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Besieged Syrians suffer their bloodiest week in years

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Besieged Syrians suffer their bloodiest week in years

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Syrians in the besieged rebel-held area of eastern Ghouta, near Damascus, have suffered their deadliest week since 2015, according to the Syrian Observatory for Human Rights.

The monitor said government air strikes had killed more than 230 people in the last four days.

France on Friday (February 9) called on Russia to do everything it could to get its Syrian ally to ease the growing humanitarian crisis.

In a telephone call to his Russian counterpart Vladimir Putin, French President Emmanuel Macron said it was imperative that peace talks made progress and voiced his concern at signs that chlorine bombs have recently been used against civilians.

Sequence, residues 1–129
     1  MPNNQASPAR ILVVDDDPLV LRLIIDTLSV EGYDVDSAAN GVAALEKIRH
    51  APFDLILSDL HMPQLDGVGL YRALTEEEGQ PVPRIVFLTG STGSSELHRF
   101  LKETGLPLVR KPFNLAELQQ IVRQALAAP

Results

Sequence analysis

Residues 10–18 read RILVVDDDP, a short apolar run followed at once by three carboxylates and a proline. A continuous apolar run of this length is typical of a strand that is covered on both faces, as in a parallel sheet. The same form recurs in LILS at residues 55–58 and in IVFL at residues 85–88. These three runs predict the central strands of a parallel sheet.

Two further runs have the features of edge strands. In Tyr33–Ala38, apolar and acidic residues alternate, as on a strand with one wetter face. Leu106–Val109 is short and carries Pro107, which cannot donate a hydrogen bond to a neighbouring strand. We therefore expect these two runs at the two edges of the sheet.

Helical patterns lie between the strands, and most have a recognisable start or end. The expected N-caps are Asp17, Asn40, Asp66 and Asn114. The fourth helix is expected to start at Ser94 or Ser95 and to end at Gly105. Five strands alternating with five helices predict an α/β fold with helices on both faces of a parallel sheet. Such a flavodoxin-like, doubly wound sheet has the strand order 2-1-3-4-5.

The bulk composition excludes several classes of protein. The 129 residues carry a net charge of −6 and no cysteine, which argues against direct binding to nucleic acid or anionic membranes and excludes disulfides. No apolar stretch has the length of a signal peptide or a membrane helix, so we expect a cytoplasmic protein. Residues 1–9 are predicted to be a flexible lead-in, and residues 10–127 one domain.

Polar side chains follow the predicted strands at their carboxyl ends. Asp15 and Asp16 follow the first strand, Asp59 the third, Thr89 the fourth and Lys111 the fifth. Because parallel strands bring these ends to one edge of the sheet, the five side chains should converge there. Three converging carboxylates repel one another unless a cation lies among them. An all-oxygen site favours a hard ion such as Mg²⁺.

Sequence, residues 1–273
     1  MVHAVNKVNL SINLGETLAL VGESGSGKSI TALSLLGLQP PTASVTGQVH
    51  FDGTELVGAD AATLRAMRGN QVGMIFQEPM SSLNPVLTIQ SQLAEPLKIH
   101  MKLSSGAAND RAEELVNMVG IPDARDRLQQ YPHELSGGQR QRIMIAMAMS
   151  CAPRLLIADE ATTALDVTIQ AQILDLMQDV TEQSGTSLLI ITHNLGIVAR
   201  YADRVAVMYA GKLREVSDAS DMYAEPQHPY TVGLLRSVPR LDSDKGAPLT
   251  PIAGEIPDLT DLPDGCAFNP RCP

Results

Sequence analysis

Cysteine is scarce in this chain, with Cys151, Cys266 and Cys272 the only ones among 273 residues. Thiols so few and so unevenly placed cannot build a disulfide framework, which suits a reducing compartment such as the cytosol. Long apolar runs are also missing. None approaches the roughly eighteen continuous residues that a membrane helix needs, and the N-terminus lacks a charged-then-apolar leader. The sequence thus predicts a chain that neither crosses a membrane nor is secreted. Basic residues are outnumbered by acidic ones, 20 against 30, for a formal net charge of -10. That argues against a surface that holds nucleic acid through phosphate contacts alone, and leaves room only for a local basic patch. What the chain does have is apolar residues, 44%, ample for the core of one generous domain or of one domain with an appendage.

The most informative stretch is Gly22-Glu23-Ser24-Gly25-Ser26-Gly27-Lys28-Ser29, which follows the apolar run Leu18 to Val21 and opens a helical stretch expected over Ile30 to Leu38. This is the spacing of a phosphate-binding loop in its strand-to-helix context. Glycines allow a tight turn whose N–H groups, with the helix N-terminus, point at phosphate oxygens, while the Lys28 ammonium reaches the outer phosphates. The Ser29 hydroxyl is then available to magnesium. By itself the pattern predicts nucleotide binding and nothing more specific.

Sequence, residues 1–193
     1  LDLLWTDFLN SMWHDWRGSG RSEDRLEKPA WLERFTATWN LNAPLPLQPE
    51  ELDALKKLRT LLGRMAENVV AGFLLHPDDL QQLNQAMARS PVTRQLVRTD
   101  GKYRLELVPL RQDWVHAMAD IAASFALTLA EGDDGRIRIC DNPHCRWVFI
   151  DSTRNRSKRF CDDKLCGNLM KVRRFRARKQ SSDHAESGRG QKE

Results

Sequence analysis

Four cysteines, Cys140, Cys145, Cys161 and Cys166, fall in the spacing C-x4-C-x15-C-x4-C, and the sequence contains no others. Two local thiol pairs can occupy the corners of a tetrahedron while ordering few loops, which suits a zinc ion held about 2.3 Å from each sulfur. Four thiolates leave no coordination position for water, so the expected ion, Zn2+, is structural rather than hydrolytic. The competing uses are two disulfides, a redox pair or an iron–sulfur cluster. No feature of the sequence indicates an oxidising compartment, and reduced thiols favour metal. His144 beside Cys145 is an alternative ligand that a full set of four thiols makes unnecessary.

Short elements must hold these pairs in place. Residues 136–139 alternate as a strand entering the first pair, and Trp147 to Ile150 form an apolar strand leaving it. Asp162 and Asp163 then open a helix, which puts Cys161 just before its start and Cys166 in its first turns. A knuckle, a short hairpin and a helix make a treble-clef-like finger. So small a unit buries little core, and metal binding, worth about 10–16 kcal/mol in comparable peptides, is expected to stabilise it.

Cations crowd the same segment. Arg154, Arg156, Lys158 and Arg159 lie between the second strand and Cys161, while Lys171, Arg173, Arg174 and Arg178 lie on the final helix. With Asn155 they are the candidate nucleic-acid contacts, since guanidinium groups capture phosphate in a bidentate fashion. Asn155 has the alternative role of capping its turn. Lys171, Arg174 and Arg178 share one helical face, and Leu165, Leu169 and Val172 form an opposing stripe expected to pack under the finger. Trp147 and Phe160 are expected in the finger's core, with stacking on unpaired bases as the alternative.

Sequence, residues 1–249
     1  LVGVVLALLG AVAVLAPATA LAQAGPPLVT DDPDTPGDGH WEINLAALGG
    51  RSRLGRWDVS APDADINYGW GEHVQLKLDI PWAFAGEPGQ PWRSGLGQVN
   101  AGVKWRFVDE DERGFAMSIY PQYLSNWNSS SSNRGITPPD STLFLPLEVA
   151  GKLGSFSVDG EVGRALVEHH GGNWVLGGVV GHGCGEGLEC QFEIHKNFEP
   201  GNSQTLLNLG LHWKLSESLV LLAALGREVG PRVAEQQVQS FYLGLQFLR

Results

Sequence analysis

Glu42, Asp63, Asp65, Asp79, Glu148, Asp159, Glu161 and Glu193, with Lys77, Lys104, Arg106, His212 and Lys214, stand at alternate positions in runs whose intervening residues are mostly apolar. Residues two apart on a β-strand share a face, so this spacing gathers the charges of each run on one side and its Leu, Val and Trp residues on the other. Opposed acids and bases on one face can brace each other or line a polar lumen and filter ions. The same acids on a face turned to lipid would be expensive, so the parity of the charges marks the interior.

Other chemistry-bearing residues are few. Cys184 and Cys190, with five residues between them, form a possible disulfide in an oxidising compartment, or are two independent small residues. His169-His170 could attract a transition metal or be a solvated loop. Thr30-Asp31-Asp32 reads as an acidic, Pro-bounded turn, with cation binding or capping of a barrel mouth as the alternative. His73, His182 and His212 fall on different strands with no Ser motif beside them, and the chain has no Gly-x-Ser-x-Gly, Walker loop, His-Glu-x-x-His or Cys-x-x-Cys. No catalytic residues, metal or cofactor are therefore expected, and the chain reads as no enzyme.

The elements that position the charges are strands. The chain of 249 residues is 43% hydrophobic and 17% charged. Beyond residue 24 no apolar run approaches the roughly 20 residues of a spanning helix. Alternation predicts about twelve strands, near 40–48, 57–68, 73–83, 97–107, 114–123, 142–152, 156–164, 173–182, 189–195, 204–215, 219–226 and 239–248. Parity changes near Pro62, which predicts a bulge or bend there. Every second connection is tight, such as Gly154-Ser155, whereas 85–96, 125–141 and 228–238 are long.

Damascus has repeatedly denied using chemical weapons, and insists its strikes only target militants.

The conflict is raging on two other fronts: Turkey is waging an offensive against Kurdish fighters in Afrin, in the northwest, while Syrian government forces are pounding the rebel-held province of Idlib.

The White Helmets, a volunteer rescue group, said its centre in Khan Shaykhun was the target of two separate air strikes that killed three of its members.

The group uploaded a video on Thursday (February 8) showing one of the group’s volunteer rescuers covered in dust and being carried out of a demolished building

Meanwhile, Turkey has been firing more rockets into Syria’s Afrin region. It's targeting Kurdish YPG militias, which it views as a terrorist group – an extension of the outlawed Kurdistan Workers Party (PKK) that has waged a deadly three-decade insurgency in Turkey.

Authorities in Afrin say at least 160 people have been killed and tens of thousands more have been displaced since the start of the offensive last month.

The YPG and its allies have set up three autonomous cantons in the north, including Afrin, since the Syrian conflict began in 2011.

Their territory has expanded since they joined forces with the United States to fight Islamic State militants - although Washington opposes their autonomy plans, as does Syrian President Bashar al-Assad's government.